Sunday, August 14, 2011
Ecstasy by Maxfield Parrish
"A mother who dedicates her life, body and soul, to her husband and her family is loved and cherished - and despised. Though the word would never enter their minds.
Thousands of years have brainwashed men into believing women are in the the world to take care of them. Anything else is treason and unwomanly.
A nun who has lived a full, adventurous, intellectual life is considered to have wasted her existence. An unmarried woman must be a trifle odd.
For the sake of the sons - and even for the sons' future wives - a woman must keep a part of her mind and heart entirely for herself. Every family is better off with a wife and mother who can astonish and occasionally bewilder."
-Pam Brown, 1928
Before Bedtime, Robert Gemmell Hutchinson (If my grandmother was alive, I would send her this picture because I would believe that she loved it and that she would possibly paint it.)
"...none of us is Superwoman. We are by turns industrious woman, harried woman, organized woman and sometimes cunning woman, because we all agree that one can always find time, in the most hard-pressed life, to do what one really wants to do, whether it is dancing the tango, playing the harp or writing a book."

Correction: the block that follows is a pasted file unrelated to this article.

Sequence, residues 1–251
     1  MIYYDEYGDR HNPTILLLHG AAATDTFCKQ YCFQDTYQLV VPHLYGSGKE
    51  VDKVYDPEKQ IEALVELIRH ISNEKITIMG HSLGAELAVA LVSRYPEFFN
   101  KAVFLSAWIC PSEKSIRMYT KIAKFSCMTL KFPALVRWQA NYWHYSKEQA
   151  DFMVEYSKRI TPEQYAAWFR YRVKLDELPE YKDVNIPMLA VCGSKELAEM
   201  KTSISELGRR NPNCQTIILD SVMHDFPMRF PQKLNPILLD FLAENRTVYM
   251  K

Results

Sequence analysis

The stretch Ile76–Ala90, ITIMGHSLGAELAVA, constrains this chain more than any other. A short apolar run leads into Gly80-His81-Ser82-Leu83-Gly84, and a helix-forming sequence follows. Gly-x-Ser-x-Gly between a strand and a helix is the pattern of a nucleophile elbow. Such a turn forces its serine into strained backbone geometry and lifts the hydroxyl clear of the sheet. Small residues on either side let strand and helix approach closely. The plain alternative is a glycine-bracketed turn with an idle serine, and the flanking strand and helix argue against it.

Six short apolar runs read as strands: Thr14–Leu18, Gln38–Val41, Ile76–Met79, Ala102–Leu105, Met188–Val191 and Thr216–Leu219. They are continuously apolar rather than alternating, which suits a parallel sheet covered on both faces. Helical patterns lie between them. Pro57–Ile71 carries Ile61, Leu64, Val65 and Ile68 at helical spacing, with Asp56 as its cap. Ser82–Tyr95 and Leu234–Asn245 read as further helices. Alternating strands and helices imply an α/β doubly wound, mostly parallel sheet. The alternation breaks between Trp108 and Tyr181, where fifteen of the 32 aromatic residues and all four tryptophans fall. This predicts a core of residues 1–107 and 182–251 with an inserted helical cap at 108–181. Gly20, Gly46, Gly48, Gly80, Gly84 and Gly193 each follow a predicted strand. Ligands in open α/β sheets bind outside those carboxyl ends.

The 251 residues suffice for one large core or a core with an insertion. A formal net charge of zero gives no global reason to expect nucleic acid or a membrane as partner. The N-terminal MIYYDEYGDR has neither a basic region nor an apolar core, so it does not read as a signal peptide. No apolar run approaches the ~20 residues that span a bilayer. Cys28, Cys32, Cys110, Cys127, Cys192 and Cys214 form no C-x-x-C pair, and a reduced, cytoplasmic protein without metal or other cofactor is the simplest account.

-Valerie Grove, from "The Compleat Woman"
"Women...think that perhaps whatever they achieve is at the expense of their personal world and will somehow destroy their personal world. They never thought that whatever they became was in turn poured back into the personal world and enriched it, that they were enriching their children, they were enriching their husband, they were enriching their neighbors. We stopped really believing that the enrichment of the individual is actually what enriches our collective life. We forgot that. And for woman it was worse because she was not expected to produce in the first place. She was not expected to create. Culture didn't demand it of her; it didn't demand of her to become the best doctor or the best lawyer or the best painter or the best writer; it didn't demand anything of her except the fulfillment of her personal duties. So this was not an incentive for woman to develop whatever gift she had.
-Anais Nin (1903-1977), From "A Woman Speaks"
After the Bath, Joaquin y Bastida Sorolla